I Have Provided Myself a King

Sermon preached on 1 Samuel 16:1-13 by Rev. W. Reid Hankins during the Morning Worship Service at Trinity Presbyterian Church (OPC) on 5/17/2015 in Novato, CA.

Audio recording not available.

Sermon manuscript

Rev. W. Reid Hankins, M.Div.
1 Samuel 16:1-13

“I Have Provided Myself a King”

In God’s good providence, we’ve had a couple weeks break from our sermon series through 1 Samuel. Yet, it seems like it was the right spot at which to take a break. We are reminded in the opening verse of our chapter today of where we left off. Last time we read of how God had rejected Saul as King over Israel. Now, in this chapter, God will select his replacement. And so in verse 1, we are reminded of that last chapter when we find Samuel still mourning over Saul. Presumably Samuel is mourning over Saul’s failure and subsequent rejection. Remember, Samuel had not initially liked the idea of having a king in Israel. But then God had him give the people what they wanted, and so God had used Samuel to anoint Saul as King. Surely, Samuel had quite a bit of emotional investment in Saul. Surely Samuel remembers how things seemed to start out so well when Saul was young and humble. But now Samuel had to not only witness Saul’s start, but also his failures and downfall, and now his kingdom in God’s eyes has come to an end. And so understandably Samuel was greatly grieved over all this. And yet as we begin our passage, the Lord somewhat rebukes Samuel in his ongoing grief. God sees that the time for mourning is now over, and now God has a new job for Samuel. The job is there in the last half of verse 1. Fill your horn with oil, and go; I am sending you to Jesse the Bethlehemite. For I have provided Myself a king among his sons. I love this initiative that God takes here in selecting this new king. And I love how God views this king. He doesn’t say he’s selecting a new king for the people. He says he’s selecting a new king for himself. The last king was the kind of the king the people wanted; it was chosen for them. Now, God will choose a king of his own choosing, a king to serve him.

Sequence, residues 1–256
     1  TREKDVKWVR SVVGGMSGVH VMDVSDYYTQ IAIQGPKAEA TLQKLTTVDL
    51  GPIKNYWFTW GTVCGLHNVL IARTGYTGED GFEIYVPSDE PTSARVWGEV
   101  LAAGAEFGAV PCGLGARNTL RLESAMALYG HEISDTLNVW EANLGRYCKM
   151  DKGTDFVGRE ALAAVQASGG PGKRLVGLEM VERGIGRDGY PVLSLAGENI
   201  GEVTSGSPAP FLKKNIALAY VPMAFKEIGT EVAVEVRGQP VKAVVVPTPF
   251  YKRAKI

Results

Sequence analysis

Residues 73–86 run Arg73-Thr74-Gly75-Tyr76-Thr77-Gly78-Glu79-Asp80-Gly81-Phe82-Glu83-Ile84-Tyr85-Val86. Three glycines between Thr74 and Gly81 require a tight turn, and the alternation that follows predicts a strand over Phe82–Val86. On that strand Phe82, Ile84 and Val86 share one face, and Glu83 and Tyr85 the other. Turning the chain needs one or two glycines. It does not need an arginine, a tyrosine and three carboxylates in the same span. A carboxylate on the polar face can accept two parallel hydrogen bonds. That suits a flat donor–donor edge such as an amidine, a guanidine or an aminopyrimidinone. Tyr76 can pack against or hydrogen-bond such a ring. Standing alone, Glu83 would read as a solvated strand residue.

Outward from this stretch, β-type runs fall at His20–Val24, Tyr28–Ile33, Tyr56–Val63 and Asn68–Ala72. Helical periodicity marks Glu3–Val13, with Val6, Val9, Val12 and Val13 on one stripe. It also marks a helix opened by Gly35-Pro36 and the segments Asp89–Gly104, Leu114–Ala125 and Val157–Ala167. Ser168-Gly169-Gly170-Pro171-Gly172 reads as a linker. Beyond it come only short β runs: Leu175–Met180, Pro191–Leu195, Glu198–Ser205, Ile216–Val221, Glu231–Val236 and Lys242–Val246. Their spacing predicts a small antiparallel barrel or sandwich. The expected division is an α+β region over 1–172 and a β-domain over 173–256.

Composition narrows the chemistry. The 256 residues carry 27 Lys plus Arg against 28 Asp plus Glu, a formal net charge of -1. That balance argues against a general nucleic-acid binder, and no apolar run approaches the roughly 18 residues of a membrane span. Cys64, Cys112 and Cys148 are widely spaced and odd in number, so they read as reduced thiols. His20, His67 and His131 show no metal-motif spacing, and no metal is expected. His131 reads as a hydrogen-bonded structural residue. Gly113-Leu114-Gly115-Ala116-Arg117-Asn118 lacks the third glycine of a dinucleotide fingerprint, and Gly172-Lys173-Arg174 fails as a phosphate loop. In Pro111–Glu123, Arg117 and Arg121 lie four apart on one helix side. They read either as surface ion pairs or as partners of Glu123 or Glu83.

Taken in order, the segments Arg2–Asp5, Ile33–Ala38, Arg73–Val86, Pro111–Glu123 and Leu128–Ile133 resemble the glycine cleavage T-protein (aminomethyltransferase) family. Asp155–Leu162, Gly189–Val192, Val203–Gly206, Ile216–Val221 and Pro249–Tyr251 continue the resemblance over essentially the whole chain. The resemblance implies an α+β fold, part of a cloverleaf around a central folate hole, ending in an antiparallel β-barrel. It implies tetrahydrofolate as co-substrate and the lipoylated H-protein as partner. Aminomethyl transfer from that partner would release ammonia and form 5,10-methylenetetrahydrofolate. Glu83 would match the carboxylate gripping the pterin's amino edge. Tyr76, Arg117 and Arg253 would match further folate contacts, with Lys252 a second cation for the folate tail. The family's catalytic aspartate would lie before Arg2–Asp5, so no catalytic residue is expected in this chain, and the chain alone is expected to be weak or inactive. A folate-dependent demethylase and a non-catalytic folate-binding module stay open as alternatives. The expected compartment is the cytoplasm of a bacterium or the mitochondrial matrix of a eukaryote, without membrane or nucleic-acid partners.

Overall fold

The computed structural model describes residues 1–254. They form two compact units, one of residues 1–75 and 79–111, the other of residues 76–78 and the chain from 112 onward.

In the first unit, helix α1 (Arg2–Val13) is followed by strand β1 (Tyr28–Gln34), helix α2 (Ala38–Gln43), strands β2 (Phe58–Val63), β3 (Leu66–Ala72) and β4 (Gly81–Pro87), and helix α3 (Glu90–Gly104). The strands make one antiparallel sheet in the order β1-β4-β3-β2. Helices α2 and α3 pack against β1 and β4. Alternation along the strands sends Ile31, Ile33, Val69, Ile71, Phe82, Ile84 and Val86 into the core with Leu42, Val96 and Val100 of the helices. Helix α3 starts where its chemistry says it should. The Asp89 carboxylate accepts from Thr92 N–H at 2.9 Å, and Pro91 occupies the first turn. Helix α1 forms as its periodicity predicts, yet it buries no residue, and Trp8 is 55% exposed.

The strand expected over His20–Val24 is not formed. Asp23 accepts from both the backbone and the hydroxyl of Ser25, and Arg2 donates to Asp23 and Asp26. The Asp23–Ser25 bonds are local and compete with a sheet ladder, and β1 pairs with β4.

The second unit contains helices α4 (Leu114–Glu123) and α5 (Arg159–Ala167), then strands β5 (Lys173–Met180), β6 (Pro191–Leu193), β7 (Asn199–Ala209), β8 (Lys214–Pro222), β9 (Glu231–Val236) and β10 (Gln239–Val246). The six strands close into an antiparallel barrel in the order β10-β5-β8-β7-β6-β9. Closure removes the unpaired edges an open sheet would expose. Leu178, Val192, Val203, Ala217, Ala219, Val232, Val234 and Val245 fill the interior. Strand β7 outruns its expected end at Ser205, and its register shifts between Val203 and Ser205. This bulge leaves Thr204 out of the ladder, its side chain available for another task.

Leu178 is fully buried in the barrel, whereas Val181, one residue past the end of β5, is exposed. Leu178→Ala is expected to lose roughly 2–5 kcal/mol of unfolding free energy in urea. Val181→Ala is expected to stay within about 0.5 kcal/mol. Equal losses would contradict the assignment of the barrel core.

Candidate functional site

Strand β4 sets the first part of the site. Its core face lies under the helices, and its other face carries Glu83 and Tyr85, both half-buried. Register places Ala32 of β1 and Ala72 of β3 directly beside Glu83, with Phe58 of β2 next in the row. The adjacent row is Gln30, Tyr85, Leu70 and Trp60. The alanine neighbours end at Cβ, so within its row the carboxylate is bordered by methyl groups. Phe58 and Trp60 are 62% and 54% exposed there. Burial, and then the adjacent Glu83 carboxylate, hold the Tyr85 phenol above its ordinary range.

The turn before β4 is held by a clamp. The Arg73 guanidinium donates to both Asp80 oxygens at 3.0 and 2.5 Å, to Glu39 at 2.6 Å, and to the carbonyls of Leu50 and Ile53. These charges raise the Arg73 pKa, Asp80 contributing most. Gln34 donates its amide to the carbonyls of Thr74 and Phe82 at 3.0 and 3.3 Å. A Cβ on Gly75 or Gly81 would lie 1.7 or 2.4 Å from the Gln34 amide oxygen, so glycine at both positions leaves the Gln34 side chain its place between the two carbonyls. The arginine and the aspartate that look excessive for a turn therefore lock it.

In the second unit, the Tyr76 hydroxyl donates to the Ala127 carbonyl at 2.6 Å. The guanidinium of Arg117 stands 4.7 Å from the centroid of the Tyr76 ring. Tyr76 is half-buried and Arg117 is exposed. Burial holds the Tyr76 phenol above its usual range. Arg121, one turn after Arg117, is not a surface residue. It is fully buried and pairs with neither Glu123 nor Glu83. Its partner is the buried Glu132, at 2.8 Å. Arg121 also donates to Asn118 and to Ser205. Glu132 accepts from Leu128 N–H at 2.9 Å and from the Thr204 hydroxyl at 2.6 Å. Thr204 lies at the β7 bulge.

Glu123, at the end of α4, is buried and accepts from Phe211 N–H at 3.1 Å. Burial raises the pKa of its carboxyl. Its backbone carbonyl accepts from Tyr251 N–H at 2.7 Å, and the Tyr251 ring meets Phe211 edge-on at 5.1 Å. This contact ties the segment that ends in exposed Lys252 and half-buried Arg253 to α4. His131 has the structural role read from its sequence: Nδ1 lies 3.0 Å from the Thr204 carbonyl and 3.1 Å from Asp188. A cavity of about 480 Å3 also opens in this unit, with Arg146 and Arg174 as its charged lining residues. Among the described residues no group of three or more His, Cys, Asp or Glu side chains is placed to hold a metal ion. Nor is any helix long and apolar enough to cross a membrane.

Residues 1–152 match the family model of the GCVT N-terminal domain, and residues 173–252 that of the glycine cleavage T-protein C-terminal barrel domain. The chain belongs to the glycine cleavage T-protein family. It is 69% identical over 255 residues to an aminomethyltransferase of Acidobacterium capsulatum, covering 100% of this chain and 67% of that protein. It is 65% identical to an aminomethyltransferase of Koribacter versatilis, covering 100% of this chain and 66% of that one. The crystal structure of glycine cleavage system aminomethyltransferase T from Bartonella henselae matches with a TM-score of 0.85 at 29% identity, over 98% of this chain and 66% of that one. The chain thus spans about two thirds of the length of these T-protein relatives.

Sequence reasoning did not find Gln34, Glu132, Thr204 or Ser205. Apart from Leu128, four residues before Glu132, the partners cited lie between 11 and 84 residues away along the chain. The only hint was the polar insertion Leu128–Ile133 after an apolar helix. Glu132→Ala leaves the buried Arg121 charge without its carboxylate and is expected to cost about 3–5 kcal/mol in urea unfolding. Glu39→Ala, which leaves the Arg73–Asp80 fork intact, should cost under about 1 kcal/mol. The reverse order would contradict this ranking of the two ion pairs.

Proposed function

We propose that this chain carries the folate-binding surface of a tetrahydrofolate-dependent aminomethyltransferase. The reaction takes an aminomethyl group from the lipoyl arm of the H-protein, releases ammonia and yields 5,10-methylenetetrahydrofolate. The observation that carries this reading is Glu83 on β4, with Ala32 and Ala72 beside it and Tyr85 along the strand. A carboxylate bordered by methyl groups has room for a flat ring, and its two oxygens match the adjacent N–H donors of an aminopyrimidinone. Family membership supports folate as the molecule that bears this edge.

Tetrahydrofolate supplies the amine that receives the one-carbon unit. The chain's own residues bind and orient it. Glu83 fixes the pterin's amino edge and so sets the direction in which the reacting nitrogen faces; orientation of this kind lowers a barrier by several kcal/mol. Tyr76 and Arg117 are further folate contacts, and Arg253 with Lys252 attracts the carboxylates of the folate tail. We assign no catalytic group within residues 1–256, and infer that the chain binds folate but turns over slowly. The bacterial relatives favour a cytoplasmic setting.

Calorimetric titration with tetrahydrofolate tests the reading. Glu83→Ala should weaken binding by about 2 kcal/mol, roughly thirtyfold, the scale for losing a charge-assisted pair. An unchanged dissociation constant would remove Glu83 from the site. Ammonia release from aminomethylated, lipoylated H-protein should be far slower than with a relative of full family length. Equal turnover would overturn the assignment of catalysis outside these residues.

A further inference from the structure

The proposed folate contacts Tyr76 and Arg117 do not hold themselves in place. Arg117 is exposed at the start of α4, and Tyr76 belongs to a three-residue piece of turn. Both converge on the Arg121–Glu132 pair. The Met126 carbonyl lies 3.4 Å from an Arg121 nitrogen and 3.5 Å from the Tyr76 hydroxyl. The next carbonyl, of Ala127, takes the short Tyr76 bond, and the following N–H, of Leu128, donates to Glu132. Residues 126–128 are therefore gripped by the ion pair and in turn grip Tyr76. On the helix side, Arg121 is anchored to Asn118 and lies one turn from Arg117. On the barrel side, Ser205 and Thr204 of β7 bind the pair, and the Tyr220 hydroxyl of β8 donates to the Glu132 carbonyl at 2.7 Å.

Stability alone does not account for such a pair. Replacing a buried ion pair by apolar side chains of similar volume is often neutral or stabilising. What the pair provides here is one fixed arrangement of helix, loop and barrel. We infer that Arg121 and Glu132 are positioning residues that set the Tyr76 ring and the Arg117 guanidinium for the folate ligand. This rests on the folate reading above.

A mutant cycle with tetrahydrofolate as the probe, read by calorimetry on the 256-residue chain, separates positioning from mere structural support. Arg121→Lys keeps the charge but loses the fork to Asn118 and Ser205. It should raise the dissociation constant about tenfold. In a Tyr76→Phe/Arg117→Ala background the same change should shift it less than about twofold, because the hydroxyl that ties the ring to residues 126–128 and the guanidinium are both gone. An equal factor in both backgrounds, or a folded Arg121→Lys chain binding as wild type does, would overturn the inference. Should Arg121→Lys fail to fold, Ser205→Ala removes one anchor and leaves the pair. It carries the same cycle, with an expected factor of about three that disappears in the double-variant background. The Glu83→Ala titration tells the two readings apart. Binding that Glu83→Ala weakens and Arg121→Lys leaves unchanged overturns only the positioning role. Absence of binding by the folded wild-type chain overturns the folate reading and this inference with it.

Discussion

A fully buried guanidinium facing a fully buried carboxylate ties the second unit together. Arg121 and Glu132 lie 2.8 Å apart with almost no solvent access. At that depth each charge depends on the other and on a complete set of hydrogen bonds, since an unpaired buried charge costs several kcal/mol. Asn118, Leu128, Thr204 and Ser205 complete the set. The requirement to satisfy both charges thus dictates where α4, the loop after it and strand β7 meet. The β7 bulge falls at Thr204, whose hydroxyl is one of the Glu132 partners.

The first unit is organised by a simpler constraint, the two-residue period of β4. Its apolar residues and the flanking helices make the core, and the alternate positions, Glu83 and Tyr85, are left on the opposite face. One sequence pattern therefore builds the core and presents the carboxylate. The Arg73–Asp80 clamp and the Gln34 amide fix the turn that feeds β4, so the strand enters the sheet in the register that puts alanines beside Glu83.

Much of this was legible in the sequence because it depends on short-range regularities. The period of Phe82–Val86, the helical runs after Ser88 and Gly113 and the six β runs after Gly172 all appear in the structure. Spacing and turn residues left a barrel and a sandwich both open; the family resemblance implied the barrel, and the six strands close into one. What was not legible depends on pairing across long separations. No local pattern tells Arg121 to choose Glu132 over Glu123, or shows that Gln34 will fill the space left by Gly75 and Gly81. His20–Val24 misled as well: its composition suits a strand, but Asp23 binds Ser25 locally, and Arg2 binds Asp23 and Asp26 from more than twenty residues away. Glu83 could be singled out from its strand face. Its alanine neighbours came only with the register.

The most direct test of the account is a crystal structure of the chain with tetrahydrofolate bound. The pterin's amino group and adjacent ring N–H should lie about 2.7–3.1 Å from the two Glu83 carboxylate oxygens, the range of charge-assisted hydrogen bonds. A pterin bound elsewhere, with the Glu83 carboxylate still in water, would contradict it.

So then, we’ll consider today’s passage in three points. First, we’ll see how God chooses the new king, King David. Second, we’ll see how this Davidic Kingdom is inaugurated here with the anointing of David. But then third, we’ll reflect on how this will yet look forward to a final consummation of this Davidic Kingdom, a consummation that God will bring about largely through his rather ordinary acts of providence.